A few weeks ago one of my cousins came to the house where I was staying for Iftar. Generally he is a cheerful guy. He has duel Swiss/Libyan citizenship and speaks very good English, so we get along pretty well. We also share the same name, which is something I’m generally not used to. I don’t usually turn when someone says “Tarek” and find that they are talking to someone else. He has lived a long time in Switzerland, still has a daughter there, but came back to Tripoli sometime before the Revolution. My dad happened to Skype us while we were enjoying coffee. A Skype call to me tends to turn into a Skype call with everyone, where anyone in earshot becomes part of the conversation and I carry around the laptop. Seeing anyone from my immediate family is rare so chances are taken when they can be. My dad likes to walk around the house with his phone to give anyone who is watching a tour of our house in the United States. Similarly I’m herded about the house with the computer to show off my aunt’s own home.
We eventually settle in the kitchen holding my computer over the stove to show my dad the mmbubka cooking in the pot for Iftar (breakfast, this was still during Ramadan). He and Tarek (the other Tarek) got to talking as they don’t speak as often as my dad does with his brothers and sisters, exchanging familial updates and quick anecdotes, bringing me in occasionally to hear about my impressions of the country. Tarek is very friendly and experienced, so he and my dad get along well. His wife has recently earned a scholarship to study in the United States so he hopes to be able to move there relatively soon, and my dad is always happy at the prospect of potentially hosting a Libyan family member in his home, as it happens so rarely. After the call my dad sent me a link from NPR (National Public Radio, American state sponsored media) and asked me to bring it up to Tarek later to hear his story.
Tarek had been a fighter in the Revolution. He had snuck away from the city to the mountains to train. He had followed the fighting down the mountains back to the city. He’d spoken with NATO officers and done interviews with the BBC. Much of the war was documented on his Iphone in some 30 hours of video before it was unfortunately stolen. He had seen our cousin Ahmed die in the foothills. He’d seen a lot of people die. If anything from the past had bothered him, it didn’t seem to any longer. He was the same cheerful guy I remembered seeing on past visits, if we happened to be in the country at the same time. You’d hardly known he’d seen the horrors of war just talking to him now.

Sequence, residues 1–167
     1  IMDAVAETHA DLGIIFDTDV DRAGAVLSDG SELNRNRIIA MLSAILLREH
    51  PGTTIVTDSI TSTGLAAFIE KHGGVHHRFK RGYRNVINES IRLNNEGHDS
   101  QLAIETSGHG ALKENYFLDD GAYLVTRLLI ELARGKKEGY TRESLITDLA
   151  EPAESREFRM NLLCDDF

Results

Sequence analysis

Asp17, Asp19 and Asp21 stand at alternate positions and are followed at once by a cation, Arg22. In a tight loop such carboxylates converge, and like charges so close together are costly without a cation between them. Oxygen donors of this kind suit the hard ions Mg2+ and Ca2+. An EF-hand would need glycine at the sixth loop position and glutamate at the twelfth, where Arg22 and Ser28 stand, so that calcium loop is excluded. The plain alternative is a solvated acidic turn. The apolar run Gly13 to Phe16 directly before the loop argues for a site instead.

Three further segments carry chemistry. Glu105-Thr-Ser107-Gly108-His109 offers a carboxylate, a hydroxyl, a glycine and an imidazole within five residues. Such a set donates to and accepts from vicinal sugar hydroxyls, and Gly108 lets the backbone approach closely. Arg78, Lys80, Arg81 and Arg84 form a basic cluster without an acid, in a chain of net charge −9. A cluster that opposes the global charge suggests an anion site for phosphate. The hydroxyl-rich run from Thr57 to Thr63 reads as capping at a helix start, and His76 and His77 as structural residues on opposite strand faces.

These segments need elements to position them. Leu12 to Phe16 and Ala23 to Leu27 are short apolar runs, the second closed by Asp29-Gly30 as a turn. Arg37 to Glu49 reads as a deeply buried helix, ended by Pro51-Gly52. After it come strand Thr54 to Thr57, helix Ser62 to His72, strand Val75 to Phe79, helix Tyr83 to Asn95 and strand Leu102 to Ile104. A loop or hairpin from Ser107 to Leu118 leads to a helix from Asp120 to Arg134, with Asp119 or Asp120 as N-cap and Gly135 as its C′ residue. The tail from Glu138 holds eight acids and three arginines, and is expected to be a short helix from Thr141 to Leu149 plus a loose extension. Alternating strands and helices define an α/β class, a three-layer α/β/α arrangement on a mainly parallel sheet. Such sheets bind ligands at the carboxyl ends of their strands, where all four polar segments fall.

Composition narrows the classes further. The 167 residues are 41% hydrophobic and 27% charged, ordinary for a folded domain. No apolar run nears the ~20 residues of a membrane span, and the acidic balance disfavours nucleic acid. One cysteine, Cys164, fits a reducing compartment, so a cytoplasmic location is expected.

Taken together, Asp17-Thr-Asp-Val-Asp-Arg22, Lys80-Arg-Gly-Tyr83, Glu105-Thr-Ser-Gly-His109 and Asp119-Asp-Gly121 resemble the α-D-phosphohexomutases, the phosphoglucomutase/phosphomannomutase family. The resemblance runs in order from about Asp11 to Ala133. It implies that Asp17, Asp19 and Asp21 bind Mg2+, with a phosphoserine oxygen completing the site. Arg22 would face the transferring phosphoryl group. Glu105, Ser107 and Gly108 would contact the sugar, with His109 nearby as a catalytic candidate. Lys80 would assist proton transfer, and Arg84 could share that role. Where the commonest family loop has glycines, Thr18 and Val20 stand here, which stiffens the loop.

The story my dad had sent me was about a father and son from Pittsburgh. It took some working up to, but after the meal I brought my computer over to Tarek to show him the article. He glanced over the headline and narrowed his eyes at a picture of two men posing in army camouflage with a rifle. “I knew those guys,” he said after his examination. “I watched them die, right in front of me.”
Between the article and my cousin, I got most of the story. He told it very bluntly and straight, as if he had done so already a million times, but not so that he sounded tired of telling it. His voice had a heavy quality that could have been just as attributable to his smoking or my imagination, otherwise there was no trace of burden; just another story of loss among many. The two men were father and son, American expats fighting in the Revolution. The father had grown up in Zawiya, a town near the bottom of the Nafusa mountains. He had moved to the United States at a young age, got married and raised a family. His history is similar in that respect to my own father’s. When his nephew had been killed by Gaddaffi forces, he and his middle son had flown to Tunisia and crossed the border into Libya. The NPR article stops its report here. Its last thoughts are a quote from the son:
“If I can help participate and fight and free Zawiya, I’d be very happy to do that,” Malik says. “It would be a dream come true.”